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There is not a civil nor "legal" right to drive, it is a privilege the state may grant. Further, if students and parents enter into agreements/contracts to send their children to private schools and those schools create rules or policies which, through those agreements/contracts, they require parents and students to agree to abide, those rules become enforceable.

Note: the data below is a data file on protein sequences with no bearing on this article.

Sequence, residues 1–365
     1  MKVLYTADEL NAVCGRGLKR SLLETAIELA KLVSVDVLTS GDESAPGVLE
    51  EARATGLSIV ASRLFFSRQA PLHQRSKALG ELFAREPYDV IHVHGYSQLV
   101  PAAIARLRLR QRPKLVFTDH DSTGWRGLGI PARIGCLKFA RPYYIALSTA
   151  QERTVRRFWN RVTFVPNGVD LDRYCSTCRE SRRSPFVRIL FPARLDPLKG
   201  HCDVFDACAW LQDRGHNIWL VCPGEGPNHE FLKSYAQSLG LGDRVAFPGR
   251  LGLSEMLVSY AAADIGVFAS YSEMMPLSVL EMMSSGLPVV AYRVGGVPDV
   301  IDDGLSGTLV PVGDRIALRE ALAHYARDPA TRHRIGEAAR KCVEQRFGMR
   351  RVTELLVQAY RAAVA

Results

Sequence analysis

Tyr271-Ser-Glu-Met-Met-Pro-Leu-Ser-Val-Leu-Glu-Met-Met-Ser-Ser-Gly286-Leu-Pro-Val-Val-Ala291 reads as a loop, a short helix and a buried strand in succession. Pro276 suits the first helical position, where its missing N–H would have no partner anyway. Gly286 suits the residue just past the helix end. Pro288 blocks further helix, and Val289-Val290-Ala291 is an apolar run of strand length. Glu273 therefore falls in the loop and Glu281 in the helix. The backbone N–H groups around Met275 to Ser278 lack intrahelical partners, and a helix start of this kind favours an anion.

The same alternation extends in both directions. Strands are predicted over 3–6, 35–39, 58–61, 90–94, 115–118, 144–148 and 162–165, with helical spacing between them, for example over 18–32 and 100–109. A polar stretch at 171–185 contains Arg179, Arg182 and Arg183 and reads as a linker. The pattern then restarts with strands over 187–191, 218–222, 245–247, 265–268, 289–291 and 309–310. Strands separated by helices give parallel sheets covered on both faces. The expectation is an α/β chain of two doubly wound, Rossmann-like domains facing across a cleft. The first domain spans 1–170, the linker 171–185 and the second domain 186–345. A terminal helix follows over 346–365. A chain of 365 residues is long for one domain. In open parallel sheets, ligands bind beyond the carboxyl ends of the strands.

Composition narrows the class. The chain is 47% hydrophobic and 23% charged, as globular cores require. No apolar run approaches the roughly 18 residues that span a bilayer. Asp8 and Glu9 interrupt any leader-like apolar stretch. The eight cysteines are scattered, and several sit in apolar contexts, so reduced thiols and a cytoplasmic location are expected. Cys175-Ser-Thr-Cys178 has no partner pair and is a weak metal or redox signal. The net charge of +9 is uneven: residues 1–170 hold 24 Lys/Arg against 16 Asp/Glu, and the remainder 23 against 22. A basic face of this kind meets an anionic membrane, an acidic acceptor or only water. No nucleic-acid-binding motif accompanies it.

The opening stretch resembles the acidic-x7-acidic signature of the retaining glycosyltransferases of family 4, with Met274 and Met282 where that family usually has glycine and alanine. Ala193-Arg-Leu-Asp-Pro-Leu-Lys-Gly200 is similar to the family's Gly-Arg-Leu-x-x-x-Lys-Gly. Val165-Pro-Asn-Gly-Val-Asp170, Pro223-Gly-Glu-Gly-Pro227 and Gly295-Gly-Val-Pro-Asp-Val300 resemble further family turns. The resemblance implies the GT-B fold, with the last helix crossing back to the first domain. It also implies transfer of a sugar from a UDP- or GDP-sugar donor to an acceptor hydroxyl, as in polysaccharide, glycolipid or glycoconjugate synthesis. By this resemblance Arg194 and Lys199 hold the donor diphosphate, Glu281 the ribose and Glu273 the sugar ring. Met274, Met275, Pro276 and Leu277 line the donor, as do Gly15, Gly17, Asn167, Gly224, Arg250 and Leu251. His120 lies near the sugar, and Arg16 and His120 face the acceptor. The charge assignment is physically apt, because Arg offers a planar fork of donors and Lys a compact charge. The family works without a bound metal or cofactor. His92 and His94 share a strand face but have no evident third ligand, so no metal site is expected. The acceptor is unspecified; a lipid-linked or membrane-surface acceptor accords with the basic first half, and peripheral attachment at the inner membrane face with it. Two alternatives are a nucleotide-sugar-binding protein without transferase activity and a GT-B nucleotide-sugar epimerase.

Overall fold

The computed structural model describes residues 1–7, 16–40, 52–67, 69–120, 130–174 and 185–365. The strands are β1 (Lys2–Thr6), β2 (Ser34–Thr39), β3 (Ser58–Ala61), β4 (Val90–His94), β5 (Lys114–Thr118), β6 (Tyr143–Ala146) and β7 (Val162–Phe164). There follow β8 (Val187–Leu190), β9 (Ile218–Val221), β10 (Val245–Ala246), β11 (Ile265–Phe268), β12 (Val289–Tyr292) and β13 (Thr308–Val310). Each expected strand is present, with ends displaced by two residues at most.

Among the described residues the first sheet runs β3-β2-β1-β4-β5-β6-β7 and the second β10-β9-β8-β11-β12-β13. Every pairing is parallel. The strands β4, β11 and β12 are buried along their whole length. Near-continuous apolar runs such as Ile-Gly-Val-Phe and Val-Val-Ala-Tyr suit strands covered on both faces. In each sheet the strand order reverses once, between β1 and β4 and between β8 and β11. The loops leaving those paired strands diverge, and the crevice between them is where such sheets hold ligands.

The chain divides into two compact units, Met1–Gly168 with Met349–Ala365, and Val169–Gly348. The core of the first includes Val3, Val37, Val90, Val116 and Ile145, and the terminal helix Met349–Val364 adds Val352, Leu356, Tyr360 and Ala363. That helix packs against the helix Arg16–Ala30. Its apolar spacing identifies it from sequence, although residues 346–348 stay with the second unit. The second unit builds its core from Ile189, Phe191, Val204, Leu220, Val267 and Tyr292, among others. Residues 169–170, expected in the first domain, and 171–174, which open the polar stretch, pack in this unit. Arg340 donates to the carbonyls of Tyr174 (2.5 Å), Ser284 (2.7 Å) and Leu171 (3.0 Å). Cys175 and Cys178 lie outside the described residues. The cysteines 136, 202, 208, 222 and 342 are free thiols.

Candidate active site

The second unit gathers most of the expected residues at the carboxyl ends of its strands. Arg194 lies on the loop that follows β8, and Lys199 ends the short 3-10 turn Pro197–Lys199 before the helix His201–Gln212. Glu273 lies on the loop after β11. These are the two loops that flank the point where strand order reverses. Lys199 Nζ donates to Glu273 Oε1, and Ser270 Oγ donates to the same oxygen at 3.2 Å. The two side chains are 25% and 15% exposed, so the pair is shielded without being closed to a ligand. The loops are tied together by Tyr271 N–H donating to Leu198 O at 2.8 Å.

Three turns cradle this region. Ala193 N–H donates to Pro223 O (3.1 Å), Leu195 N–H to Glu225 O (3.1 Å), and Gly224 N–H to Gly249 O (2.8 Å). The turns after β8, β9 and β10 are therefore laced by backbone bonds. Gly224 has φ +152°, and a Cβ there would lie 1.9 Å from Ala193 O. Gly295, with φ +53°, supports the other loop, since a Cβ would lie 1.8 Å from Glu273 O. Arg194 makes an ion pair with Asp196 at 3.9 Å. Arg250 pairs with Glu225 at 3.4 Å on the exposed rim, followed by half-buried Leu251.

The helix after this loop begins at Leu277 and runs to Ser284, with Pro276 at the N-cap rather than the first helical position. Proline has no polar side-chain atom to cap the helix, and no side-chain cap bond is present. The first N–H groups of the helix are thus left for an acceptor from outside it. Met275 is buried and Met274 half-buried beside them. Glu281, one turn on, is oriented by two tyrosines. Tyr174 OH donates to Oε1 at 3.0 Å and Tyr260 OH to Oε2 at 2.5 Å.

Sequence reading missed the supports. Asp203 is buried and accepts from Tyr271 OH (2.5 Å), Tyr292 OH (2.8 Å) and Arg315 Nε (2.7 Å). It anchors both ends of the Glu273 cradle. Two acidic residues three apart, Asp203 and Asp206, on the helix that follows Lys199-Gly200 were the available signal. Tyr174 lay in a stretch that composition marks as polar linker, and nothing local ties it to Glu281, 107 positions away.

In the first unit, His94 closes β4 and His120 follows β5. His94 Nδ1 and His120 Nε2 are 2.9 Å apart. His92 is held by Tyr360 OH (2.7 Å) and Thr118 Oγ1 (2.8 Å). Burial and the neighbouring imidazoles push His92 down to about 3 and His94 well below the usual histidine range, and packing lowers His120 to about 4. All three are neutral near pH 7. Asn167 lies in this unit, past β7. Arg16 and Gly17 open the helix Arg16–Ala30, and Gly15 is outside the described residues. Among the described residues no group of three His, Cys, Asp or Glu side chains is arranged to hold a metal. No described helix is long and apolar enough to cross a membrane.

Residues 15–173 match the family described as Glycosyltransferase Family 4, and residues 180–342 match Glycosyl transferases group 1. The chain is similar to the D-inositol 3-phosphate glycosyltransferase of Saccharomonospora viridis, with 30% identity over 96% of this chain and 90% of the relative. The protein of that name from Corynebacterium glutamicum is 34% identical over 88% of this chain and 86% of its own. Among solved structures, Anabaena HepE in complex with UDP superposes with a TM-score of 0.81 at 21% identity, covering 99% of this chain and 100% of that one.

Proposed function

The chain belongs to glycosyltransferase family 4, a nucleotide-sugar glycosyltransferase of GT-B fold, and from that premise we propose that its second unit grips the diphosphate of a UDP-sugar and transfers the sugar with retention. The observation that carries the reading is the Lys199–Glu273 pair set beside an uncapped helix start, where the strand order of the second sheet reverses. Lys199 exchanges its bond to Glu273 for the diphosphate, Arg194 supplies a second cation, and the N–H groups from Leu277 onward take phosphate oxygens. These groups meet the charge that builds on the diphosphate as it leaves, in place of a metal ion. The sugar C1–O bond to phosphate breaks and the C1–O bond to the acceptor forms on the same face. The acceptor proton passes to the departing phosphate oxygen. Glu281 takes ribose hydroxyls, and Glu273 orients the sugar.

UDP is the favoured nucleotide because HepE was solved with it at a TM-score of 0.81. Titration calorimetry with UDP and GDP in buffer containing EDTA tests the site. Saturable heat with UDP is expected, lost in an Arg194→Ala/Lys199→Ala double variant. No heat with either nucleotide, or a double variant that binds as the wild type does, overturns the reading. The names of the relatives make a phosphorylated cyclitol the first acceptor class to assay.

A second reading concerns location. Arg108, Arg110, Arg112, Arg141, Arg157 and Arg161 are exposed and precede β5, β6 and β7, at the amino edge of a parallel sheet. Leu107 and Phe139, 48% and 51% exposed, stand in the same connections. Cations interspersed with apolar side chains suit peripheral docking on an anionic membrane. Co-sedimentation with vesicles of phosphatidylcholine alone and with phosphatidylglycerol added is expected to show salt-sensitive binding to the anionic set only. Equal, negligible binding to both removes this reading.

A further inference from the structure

Technically, a school may not, of course, if a state has given someone a legal right to do something, such as drive on public streets prevent a minor from driving but a school whose rules are not followed may, in turn, terminate a student's right to attend. However, if parents and students sign agreements with a school that say that, for example, a student will not "drive to school" or "will abide by all school rules and requirements" (one of which is not to drive to school or school events), the restriction is not one that keeps students from driving on public streets, but one that ties the restriction to school functions/activities. Such a line is a fine one and, if the school were public (meaning it was a government actor, not private) then there may be a violation of legal rights as one government agent (a school) would not normally be able to ignore the laws of a state. But, again, if the agreement signed when parents contract to send a child to a school includes an agreement to follow those rules or states the rule itself, then people are seen to willingly contract themselves into abiding by such rules.
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